A unique animal, the Gila monster, lives in the Southwestern United States. What’s so unique about this lizard-like creature is the fact that it only eats three times a year. Why does he get hungry only every four months? Scientists in the endless search for new drugs began to study the Gila sample. What they have come up with is truly remarkable.
The saliva of the animal contains a chemical that is enhancing the lives of many diabetics. What this chemical, called glucagon-like peptide-1 (GLP-1), does for diabetics is the latest breakthrough in the fight against this disease. One of the benefits is the increase of glucose-dependent insulin secretion. This mimics our own body’s response to food; releasing insulin only when we need it. This process greatly reduces the peak and valley insulin levels usually associated with conventional insulin injections. It also increases the function of the insulin producing cells in the body.
The real breakthrough in this chemical is what’s called beta cell neogenesis. Beta cells are located on the pancreas and are responsible for the release of insulin to the body. In someone with diabetes, these beta cells die or stop producing insulin. This chemical causes the body to make more beta cells. This really is the beginning of a cure.
So where does weight loss come into play? A side effect is reduced stomach emptying; which means that the food you eat stays in your stomach longer, up to four times longer. So your body is telling you that you are “full” for a longer period of time because you are full. It also works in the part of the brain that causes pleasure in eating. Many people overeat because of the pleasurable sensation they get, perceived or not. GLP-1 diminishes this pleasure enough that people simply “don’t feel like eating more” than they need to survive.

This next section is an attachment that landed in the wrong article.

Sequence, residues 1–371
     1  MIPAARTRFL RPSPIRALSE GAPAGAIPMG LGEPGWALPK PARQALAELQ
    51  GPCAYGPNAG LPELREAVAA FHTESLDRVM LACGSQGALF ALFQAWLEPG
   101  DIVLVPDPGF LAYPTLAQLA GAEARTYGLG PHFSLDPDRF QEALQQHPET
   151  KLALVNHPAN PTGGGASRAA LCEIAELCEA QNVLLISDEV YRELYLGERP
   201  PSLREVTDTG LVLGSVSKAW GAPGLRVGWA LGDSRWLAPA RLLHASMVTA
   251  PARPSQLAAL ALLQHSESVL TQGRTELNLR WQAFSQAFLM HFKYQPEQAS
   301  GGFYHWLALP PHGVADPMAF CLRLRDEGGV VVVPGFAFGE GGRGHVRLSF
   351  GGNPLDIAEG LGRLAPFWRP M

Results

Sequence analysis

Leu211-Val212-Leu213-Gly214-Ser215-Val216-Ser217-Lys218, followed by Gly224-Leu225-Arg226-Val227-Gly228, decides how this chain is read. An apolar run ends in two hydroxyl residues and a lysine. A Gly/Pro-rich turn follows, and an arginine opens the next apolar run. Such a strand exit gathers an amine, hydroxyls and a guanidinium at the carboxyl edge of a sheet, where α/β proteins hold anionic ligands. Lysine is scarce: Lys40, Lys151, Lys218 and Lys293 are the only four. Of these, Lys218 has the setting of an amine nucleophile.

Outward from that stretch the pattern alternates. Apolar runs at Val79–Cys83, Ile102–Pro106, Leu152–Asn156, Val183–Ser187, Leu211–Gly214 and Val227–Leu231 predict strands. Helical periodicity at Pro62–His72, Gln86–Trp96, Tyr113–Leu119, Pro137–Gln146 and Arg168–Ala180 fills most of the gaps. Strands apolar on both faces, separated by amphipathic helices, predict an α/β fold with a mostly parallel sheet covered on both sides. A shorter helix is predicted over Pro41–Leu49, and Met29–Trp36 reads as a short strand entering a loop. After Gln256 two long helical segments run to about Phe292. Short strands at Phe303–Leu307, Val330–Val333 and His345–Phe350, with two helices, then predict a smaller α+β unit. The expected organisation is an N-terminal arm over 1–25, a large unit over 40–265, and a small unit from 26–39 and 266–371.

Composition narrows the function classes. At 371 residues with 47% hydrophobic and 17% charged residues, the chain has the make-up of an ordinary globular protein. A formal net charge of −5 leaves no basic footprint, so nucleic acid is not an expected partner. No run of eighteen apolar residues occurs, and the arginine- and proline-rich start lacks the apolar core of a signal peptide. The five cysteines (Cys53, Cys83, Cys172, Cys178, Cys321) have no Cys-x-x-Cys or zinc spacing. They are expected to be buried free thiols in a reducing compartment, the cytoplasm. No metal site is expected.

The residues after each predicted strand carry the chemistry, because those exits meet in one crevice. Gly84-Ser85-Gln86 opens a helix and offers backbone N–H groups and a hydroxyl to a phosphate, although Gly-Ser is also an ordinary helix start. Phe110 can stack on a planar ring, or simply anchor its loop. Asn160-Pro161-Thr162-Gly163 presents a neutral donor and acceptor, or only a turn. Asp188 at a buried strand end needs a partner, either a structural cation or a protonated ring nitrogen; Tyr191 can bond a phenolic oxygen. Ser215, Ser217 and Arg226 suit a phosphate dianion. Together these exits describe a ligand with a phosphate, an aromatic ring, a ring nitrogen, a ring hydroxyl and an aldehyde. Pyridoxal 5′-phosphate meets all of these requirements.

In real-life studies, GLP-1 has been shown to cause a 10% to 15% decrease in total body weight. Because the food stays in the stomach longer, many people get nauseous after eating. This feeling usually disappears after a few days and is usually caused by overeating. The stomach does not move food through the digestive system and backs up the system. Many people are used to eating a certain amount of food at every meal. With this medicine you will feel “full” more quickly and therefore eat less.
The drug is called Byetta (exenatide) and is marketed because it is the first drug that can enable patients with type 2 diabetes to achieve blood glucose control while reducing or eliminating the risk of hypoglycemia and weight gain. It is injectable only and the monthly cost is approximately $ 200 and must be kept in the refrigerator until administration.<p value="<amp-fit-text layout="fixed-height" min-font-size="6" max-font-size="72" height="80">